Online publishing is a tuna vs shark world of intrigue and opportunity. It can work well or it can be a pit of expensive and hard lessons for the unwary writer. In this case, the writer fell victim to a rule that seasoned writers know well. The maximum cost of any review should never be more than a review copy of your book.

One more time, all together: Never pay for a review if the cost of the review is greater than a review copy of your book.

There are countless ways to get your book reviewed, including all those free comments found everywhere on Amazon, Barnes and Noble, and their kin. There are also review sites, review blogs, magazines, newspapers, and periodicals. The list is endless. Wherever you find a book review is an opportunity for a review of your own book. All you have to do is query the reviewer and find out if he or she is willing to look at your work. Easy enough. Just be sure that the reviewer is not a one-on entity, a flash or hack reviewer, or someone who just writes reviews to fill up word count. Reviewing is an art and an occupation, so look for those who do it seriously and continuously. If you catch their eye with a good, short query, they may just want to review your latest masterpiece. That’s what they do.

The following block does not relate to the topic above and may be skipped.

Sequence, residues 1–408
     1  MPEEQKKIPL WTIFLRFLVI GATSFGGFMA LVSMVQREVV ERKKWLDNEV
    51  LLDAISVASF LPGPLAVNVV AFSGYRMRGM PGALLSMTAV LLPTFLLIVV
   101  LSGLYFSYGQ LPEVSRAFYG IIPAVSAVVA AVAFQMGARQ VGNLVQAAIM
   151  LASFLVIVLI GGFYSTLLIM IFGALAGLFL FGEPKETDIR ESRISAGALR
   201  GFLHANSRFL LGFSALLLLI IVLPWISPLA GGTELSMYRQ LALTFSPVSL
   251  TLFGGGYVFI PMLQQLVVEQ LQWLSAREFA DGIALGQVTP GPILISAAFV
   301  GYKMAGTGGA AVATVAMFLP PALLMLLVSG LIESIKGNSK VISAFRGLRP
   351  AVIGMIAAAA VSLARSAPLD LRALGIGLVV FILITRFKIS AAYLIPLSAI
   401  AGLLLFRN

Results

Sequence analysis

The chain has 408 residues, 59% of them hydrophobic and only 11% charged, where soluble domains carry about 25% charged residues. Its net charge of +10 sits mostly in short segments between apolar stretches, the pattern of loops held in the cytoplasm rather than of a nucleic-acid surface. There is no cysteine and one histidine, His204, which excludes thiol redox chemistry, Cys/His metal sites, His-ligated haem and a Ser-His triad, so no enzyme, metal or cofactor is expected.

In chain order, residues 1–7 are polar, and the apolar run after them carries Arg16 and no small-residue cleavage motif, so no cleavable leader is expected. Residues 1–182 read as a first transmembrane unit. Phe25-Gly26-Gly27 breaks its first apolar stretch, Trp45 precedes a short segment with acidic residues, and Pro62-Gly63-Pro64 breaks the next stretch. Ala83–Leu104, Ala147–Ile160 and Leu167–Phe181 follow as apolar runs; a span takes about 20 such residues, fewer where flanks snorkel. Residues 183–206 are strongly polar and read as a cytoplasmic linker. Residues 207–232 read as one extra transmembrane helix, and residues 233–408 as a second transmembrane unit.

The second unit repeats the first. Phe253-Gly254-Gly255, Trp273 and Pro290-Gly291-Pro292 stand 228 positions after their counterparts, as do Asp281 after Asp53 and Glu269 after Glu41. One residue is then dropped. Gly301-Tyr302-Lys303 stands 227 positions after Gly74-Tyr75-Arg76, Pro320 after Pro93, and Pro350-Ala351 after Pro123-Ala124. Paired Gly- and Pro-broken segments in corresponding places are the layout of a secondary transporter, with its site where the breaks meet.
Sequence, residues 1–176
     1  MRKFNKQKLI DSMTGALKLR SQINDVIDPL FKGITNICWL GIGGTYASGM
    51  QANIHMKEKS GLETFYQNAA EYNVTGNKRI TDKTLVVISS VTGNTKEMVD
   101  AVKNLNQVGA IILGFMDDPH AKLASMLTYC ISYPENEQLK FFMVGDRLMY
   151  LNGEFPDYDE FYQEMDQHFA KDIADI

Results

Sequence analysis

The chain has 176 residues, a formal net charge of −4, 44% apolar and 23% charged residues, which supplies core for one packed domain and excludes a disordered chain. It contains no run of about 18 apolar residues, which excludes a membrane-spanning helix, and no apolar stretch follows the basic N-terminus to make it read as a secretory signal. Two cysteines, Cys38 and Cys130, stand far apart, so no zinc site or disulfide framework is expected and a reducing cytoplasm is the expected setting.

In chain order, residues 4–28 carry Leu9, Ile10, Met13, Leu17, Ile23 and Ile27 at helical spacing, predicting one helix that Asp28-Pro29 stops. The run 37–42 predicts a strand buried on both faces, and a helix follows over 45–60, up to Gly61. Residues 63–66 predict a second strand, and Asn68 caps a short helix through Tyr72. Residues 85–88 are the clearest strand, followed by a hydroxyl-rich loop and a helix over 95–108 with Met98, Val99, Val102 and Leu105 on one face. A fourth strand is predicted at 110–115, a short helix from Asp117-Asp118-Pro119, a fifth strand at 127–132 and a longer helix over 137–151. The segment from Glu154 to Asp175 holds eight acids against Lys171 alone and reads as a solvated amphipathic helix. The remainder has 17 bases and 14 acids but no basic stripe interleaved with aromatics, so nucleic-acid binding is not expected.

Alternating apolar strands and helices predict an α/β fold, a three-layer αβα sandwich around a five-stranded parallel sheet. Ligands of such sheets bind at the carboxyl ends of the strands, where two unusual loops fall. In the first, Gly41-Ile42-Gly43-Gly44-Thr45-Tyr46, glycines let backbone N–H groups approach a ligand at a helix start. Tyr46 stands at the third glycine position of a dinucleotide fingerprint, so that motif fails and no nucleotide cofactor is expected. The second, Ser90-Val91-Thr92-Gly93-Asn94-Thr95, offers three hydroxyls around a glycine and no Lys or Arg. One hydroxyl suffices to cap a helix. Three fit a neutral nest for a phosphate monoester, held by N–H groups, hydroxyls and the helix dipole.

Please, never pay for a review! There is absolutely no reason to do so. It won’t help your sales, and it likely won’t be read by enough people to be of any practical use when weighed against the money you spent. Pay only with a review copy of your book, and then only to those reviewers who are established and recognized.